BOSTON (Reuters) - A Massachusetts man has agreed to plead guilty to running a pyramid scheme that defrauded victims, including many Brazilian-Americans, of more than $1 billion, federal prosecutors in Boston said on Friday.


James Merrill, who had served as president of TelexFree, a company that purported to provide online telephone services but prosecutors contend actually operated as a pyramid scheme, has agreed to plead guilty to charges in a hearing on Monday, Oct. 24, court records show.


He had been set to stand trial next month on charges including conspiracy and wire fraud for orchestrating the scheme, which invited victims to pay up to $1,375 for kits they would use to post online advertisements promoting the company's phone service.


TelexFree had claimed participants would earn yearly returns of as much as 250 percent of their investment, before federal and state officials shut the company down in 2014. The company, which had primarily targeted immigrant communities including Brazilian-Americans, subsequently filed for bankruptcy.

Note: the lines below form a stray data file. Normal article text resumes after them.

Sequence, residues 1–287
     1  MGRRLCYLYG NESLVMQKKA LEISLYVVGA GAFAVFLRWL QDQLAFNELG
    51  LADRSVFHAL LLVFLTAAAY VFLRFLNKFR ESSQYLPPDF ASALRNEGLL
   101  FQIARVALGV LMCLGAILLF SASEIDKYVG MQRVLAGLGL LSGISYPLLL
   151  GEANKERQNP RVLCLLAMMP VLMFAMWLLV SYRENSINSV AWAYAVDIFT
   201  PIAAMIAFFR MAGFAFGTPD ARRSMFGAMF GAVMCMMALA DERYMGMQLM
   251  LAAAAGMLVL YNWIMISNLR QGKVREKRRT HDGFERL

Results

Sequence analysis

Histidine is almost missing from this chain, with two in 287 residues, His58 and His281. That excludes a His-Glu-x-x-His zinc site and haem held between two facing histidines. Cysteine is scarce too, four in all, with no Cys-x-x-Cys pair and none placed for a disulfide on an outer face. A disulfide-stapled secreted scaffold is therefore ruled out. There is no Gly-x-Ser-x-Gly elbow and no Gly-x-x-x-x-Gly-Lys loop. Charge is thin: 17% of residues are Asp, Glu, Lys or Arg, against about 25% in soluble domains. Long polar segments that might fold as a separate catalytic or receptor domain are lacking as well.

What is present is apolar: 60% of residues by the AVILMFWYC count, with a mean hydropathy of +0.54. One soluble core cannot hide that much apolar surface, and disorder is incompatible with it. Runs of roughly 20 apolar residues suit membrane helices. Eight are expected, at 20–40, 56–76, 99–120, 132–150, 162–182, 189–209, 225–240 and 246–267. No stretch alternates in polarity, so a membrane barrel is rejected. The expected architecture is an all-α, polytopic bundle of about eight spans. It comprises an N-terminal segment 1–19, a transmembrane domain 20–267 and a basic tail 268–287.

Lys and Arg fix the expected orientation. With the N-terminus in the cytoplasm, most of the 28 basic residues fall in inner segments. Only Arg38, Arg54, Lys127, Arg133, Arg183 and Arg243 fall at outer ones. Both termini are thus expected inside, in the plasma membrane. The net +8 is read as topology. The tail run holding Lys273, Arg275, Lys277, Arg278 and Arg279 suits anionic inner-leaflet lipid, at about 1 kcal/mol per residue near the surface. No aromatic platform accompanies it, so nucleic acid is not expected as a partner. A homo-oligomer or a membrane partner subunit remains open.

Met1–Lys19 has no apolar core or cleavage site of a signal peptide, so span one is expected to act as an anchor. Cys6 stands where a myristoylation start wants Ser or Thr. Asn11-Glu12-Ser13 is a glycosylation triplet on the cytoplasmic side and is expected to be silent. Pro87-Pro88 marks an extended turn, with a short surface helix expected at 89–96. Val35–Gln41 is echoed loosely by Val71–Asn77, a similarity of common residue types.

It had previously operated in Brazil, where the government shut it down in 2013.


It had generated less than 1 percent of its revenue by actually providing phone services, prosecutors said.

An attorney for Merrill did not immediately respond to a request for comment.

(Reporting by Scott Malone; Editing by Matthew Lewis)